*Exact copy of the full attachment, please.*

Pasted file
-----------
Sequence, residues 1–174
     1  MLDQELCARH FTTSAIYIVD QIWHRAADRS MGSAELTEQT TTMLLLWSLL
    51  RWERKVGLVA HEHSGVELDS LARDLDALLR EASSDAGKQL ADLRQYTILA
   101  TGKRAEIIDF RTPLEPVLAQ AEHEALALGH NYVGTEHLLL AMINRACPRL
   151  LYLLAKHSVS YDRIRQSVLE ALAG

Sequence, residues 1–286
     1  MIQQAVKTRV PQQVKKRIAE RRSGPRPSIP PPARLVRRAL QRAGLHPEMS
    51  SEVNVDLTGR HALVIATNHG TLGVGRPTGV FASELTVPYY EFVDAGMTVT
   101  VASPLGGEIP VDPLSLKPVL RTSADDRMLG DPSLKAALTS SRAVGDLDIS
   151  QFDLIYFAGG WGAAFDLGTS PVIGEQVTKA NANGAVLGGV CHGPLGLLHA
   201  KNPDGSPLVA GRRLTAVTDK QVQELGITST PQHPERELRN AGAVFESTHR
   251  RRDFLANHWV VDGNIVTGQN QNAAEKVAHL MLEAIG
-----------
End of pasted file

Sequence, residues 1–174
     1  MLDQELCARH FTTSAIYIVD QIWHRAADRS MGSAELTEQT TTMLLLWSLL
    51  RWERKVGLVA HEHSGVELDS LARDLDALLR EASSDAGKQL ADLRQYTILA
   101  TGKRAEIIDF RTPLEPVLAQ AEHEALALGH NYVGTEHLLL AMINRACPRL
   151  LYLLAKHSVS YDRIRQSVLE ALAG

Sequence, residues 1–286
     1  MIQQAVKTRV PQQVKKRIAE RRSGPRPSIP PPARLVRRAL QRAGLHPEMS
    51  SEVNVDLTGR HALVIATNHG TLGVGRPTGV FASELTVPYY EFVDAGMTVT
   101  VASPLGGEIP VDPLSLKPVL RTSADDRMLG DPSLKAALTS SRAVGDLDIS
   151  QFDLIYFAGG WGAAFDLGTS PVIGEQVTKA NANGAVLGGV CHGPLGLLHA
   201  KNPDGSPLVA GRRLTAVTDK QVQELGITST PQHPERELRN AGAVFESTHR
   251  RRDFLANHWV VDGNIVTGQN QNAAEKVAHL MLEAIG